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Missouri DUI Information

In Missouri, an individual who fails a DUI test will have 15 days in which to request a driver’s license hearing.  A first time offender is subject to a fine, possible incarceration and two years of probation.  A second offense carries larger fines, an increased possibility of incarceration and two years of probation.  In addition, the court may also order the installation of an ignition interlock system on the defendant’s automobile.  This device, which is installed at the offender’s expense, will prevent him/her from operating their motor vehicle if there is any alcohol present in their system.  A third offense is considered to be a felony whereas the previous incidents are typically misdemeanors.  A felony DUI conviction may result in imprisonment, mandatory enrollment in a substance abuse program, increased fines and extended probation. 

Many first time DUI offenders will enter into a plea agreement, which means that the prosecution and defendant will come to an agreement that will often involve a reduction or complete dismissal of the charges in exchange for the offender agreeing to comply with court ordered treatment programs, fines and/or probation.  In order to successfully negotiate a plea bargain, offenders will need an attorney.

First time offenders can expect to receive a license suspension depending upon a number of factors, including blood alcohol content and/or number of previous offenses.  Anyone refusing to submit to a blood alcohol content test, on the other hand, will face an additional license suspension for the single act of a refusal to be tested.

Missouri offenders may be required to undergo some type of alcohol evaluation and/or treatment program if the court deems it necessary. Youthful offenders, who consist of anyone under the age of 21 with any measurable trace of alcohol in their system, will be subject to license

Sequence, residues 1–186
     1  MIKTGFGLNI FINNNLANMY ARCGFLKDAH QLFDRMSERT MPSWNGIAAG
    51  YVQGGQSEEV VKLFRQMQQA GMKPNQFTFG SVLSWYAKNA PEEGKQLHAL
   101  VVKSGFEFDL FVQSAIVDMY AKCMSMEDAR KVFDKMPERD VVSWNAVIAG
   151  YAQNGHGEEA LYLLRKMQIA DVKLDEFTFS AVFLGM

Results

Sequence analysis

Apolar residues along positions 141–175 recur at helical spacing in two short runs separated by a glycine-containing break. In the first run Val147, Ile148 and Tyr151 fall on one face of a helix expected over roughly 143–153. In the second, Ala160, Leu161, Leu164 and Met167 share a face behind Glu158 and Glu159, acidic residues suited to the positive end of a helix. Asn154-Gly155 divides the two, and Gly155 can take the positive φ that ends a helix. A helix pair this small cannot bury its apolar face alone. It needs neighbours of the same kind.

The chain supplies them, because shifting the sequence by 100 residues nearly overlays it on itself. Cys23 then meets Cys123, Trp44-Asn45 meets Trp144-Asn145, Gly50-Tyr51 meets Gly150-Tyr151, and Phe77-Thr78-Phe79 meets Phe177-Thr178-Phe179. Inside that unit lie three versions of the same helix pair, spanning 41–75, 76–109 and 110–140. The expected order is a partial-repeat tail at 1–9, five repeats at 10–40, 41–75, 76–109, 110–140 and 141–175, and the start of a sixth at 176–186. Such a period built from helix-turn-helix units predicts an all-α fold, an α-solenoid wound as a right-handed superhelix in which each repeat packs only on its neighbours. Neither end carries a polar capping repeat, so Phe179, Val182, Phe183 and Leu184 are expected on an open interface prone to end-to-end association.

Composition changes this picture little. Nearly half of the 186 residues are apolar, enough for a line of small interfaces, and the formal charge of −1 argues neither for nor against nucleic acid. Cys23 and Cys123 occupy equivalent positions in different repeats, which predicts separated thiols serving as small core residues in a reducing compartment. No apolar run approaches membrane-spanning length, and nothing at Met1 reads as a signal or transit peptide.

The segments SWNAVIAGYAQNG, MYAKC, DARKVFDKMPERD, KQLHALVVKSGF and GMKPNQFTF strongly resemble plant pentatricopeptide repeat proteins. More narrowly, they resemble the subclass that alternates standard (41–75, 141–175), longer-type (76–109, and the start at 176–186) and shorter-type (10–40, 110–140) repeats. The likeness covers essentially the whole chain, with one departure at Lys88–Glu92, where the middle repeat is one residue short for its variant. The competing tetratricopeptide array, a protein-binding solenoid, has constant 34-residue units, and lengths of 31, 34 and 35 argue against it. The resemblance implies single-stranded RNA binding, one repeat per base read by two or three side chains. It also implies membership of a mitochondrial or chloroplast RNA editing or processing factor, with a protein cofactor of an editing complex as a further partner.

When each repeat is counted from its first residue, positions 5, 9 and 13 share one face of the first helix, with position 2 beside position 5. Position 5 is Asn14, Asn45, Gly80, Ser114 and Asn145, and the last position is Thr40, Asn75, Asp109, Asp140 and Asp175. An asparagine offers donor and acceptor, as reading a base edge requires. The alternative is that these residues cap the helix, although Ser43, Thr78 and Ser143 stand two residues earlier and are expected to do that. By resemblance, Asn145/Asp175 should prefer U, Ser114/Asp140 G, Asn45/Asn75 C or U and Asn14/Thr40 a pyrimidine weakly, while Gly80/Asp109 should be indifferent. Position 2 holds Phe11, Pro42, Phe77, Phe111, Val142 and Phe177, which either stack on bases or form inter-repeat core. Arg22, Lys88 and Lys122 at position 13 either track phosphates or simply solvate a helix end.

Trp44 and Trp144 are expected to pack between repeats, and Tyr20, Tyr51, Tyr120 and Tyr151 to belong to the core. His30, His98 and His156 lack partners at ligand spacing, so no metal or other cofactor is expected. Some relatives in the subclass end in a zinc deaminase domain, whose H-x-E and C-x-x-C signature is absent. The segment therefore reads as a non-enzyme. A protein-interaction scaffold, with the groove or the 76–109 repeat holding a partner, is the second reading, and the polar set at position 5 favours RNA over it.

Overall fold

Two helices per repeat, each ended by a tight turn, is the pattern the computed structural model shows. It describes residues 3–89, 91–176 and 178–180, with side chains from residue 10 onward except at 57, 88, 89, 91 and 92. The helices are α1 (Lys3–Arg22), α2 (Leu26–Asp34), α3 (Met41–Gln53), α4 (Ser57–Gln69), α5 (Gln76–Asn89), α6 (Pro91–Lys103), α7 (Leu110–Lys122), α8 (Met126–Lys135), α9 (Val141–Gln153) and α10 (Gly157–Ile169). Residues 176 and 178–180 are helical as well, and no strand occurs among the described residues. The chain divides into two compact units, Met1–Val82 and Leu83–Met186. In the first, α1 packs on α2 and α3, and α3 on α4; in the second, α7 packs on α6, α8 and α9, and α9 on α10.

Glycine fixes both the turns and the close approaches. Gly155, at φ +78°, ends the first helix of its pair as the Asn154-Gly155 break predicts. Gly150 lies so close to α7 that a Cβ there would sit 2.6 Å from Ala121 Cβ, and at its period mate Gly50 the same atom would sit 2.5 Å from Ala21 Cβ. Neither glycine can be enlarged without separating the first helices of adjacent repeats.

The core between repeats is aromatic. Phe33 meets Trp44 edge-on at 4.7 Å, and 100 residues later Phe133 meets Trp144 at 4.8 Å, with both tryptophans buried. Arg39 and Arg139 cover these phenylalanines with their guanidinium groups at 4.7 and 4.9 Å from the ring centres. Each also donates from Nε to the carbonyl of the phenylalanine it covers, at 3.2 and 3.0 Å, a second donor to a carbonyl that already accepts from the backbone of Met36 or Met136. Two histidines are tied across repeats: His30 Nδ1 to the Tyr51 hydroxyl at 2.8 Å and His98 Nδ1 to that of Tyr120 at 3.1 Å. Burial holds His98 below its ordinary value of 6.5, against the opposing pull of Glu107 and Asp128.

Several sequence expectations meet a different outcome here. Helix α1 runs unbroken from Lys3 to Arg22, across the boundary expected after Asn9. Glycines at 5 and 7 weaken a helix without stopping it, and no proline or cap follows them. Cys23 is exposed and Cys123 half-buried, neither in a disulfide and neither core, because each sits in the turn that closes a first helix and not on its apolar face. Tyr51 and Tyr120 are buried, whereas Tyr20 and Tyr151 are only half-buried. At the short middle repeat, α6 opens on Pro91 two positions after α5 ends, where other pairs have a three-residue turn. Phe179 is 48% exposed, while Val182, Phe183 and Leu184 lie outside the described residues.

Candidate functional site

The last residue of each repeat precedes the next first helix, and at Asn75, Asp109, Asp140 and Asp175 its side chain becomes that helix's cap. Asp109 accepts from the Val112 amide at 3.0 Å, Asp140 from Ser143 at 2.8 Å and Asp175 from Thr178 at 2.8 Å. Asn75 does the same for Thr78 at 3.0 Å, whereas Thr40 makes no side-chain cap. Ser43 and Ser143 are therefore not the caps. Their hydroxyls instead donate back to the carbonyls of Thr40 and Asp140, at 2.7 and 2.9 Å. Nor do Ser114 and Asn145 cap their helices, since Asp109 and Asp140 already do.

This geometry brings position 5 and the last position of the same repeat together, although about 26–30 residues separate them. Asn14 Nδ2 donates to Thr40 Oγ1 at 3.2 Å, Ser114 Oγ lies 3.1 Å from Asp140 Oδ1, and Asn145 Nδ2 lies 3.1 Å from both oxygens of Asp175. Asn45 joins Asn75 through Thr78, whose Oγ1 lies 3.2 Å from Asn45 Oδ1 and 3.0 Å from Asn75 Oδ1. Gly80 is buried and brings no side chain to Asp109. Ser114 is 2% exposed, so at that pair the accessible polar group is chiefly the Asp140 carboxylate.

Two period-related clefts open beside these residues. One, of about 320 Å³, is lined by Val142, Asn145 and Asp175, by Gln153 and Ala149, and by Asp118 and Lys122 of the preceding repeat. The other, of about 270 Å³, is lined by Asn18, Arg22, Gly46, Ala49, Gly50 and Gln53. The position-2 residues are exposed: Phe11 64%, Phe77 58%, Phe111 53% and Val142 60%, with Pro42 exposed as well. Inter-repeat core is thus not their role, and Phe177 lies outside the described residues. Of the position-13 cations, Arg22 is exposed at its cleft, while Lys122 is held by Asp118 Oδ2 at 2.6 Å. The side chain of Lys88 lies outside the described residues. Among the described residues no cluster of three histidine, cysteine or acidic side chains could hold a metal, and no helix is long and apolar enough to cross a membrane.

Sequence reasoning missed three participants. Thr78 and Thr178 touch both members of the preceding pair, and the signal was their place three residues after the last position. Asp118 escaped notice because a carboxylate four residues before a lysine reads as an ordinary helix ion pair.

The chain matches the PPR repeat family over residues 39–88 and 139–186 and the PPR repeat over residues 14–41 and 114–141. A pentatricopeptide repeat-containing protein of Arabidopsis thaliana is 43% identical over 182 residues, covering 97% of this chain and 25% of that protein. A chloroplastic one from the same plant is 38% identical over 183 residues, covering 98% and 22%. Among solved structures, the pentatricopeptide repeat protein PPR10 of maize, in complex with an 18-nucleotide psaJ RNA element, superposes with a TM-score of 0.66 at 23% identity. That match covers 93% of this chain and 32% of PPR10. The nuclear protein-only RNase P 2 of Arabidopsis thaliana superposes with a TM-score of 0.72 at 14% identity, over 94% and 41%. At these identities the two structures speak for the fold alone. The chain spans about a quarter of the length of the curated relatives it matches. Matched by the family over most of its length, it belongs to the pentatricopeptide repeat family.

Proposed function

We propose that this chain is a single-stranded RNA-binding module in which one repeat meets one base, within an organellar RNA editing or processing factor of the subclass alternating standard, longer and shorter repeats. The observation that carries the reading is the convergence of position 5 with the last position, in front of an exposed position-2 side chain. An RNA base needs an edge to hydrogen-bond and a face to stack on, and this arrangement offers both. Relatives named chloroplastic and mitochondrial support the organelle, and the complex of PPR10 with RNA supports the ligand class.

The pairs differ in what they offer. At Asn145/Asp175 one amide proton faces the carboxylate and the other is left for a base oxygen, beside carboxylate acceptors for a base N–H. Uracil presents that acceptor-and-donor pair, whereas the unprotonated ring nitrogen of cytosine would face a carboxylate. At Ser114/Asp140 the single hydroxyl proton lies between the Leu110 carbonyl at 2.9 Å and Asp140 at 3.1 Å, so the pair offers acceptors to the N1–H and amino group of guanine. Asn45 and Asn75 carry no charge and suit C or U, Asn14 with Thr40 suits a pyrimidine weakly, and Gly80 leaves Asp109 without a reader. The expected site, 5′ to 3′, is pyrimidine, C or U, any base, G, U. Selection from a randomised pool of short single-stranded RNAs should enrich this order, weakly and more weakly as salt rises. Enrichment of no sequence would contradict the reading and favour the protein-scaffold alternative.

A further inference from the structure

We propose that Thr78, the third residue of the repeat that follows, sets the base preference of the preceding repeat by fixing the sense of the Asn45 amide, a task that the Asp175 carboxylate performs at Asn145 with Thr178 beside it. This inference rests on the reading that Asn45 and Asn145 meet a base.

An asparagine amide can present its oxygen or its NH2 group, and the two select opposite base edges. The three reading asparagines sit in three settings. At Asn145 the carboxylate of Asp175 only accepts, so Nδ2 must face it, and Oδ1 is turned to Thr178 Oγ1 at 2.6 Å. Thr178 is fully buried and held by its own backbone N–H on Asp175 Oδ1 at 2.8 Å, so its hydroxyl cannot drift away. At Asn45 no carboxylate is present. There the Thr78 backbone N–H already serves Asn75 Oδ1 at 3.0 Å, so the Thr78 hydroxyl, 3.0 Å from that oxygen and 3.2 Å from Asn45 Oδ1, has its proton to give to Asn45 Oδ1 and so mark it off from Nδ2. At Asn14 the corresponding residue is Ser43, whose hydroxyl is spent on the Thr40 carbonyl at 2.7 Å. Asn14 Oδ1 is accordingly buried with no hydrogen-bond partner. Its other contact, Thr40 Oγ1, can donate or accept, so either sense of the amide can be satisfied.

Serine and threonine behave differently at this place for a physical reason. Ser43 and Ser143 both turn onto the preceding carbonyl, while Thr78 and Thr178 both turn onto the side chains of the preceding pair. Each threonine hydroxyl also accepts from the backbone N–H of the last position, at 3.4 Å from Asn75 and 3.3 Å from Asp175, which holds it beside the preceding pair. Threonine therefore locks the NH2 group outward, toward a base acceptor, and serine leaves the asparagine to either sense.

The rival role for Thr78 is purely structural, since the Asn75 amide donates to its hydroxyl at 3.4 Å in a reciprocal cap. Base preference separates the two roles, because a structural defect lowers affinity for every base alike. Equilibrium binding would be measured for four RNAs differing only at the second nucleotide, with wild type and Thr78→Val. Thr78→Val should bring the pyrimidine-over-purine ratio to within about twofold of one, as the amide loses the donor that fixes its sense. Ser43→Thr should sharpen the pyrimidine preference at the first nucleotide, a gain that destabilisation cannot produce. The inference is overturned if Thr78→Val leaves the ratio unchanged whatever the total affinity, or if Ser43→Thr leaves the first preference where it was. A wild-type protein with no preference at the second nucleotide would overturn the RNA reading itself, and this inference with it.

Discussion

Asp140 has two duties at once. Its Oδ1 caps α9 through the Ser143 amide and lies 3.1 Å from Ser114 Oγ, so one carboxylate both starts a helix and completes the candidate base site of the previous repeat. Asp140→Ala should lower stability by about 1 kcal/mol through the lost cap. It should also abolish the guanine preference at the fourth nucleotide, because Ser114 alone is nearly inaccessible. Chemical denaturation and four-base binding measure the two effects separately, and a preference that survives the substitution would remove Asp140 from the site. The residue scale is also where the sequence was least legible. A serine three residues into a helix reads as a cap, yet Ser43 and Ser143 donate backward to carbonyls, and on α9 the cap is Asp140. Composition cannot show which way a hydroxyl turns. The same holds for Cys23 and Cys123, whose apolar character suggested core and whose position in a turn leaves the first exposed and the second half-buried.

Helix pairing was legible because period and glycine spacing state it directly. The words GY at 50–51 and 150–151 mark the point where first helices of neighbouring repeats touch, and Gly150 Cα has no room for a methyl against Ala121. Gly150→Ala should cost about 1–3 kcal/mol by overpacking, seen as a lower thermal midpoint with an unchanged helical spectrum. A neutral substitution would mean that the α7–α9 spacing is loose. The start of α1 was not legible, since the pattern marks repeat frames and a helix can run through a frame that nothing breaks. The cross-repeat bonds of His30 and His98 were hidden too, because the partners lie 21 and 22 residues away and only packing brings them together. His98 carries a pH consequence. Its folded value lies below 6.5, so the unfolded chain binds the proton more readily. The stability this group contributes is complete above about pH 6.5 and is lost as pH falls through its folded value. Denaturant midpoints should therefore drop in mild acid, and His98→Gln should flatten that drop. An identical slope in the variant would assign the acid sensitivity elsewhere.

suspension, fines, possible referral to a court ordered treatment program, etc.  Individuals who are involved in a DUI, which causes personal injury or death, may face felony charges and much harsher penalties.

Upon conviction or an admission of guilt, DUI offenders are commonly faced with problems relating to their insurance company.  Immediately being labeled as “high risk” drivers, offenders are often dropped by their insurance company altogether or, at the very least, are required to pay much higher rates than before.  In the event that the offender is forced to look for a new insurance provider, he/she may have a difficult time finding a new company who offers high risk policies but, if they do, the rates will likely be extremely high for the amount of coverage granted.

 

 

 

 

DISCLAIMER: This website provides only general information intended to be a starting point for most legal issues. This information is not legal advice, nor is it intended to create any binding advisory relationship. Do not take action based upon this information unless you consult with an attorney or other specialist.